Promoting Diversity Leadership: Strategies and Tools to Improve Equity and Access

Promoting Diversity Leadership: Strategies and Tools to Improve Equity and Access

Ra Shaunda V. Sterling
DOI: 10.4018/978-1-5225-1933-1.ch049
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This chapter focuses on the difference between the diversity of community college students and community college administrators. While many community college students are poor, minority, and female, the vast majority of community college administrators, particularly chief executive officers, are affluent, White, and male. This inequity may have an impact on how administrators relate to students and the policies these administrators enact, resulting in concerns about equity and access to educational opportunities. The history of U.S. community colleges is discussed. A profile of the typical community college student is also presented. Definitions of leadership are provided, and diversity leadership research is examined. A strategy for increasing diversity at the administrative level in the community college setting is shared. Kotter's (1996) eight-stage model of change management is presented as a means of altering a college's culture to promote greater diversity leadership. The role of technology in increasing diversity is discussed, and directions for further research are shared.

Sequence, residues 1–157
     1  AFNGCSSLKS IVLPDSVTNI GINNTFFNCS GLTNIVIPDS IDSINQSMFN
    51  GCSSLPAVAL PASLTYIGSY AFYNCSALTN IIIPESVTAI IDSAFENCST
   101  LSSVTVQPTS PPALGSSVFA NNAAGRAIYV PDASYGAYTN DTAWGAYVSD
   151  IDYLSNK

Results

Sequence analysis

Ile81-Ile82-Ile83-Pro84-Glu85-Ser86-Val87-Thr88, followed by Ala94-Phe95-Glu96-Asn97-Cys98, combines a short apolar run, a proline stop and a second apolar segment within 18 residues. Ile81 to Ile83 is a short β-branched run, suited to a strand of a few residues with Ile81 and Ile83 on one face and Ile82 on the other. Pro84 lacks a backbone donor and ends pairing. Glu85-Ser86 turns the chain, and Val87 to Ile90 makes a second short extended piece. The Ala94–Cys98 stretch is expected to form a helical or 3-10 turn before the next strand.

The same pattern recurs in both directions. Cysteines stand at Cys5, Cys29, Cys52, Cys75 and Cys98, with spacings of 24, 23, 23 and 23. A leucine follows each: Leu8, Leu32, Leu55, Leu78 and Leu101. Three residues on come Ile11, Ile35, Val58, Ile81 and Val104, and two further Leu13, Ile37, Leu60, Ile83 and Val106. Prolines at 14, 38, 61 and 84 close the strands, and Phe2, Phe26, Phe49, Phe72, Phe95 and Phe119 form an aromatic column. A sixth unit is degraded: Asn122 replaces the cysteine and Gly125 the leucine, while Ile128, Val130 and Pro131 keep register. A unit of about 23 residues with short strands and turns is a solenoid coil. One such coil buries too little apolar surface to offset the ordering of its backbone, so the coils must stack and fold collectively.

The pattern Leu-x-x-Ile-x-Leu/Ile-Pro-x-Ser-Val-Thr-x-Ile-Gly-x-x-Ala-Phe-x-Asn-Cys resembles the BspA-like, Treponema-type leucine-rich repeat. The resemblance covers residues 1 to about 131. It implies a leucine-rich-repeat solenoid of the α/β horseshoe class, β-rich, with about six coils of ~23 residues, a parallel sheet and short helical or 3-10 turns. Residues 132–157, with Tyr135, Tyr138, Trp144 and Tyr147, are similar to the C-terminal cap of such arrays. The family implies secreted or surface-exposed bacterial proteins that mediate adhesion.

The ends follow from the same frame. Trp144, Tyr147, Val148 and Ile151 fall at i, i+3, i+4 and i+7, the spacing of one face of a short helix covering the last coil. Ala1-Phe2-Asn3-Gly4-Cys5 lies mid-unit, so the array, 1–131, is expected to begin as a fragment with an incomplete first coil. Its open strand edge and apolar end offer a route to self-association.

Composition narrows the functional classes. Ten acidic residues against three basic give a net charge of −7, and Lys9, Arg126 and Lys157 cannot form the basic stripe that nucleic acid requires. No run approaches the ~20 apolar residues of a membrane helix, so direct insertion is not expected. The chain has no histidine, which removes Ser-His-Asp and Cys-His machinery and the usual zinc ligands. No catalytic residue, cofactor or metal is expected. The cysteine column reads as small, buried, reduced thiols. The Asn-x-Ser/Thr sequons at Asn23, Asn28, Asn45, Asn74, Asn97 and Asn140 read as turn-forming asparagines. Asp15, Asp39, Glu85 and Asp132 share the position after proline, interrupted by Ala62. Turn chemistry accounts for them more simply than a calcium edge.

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Community Colleges In The United States

The first public, two-year college in the United States, Joliet Junior College, was founded in 1901 in Joliet, Illinois (American Association of Community Colleges, 2014c). Over the past century, more than 1100 community colleges have been founded; they include public, private, and tribal institutions (American Association of Community Colleges, 2014a). For those students who traditionally have been excluded from the university due to a lack of academic preparedness or a lack of sufficient financial assistance, community colleges offered a way to obtain a post-secondary education or technical and vocational training (Barnes & Piland, 2010). Many community colleges have open admissions, lower tuition, and more courses of study, which are attractive for students seeking two-year degrees or certificates (American Association of Community Colleges, 2014c). Once referred to as junior colleges, since the 1970s, the term community colleges has become the preferred designation for two-year vocational, technical, and academic institutions (Dunning, 2008; Robinson-Neal, 2009). This shift highlights the mission and purpose of these IHEs, to provide educational access to all sectors of the communities they serve (Robinson-Neal, 2009).

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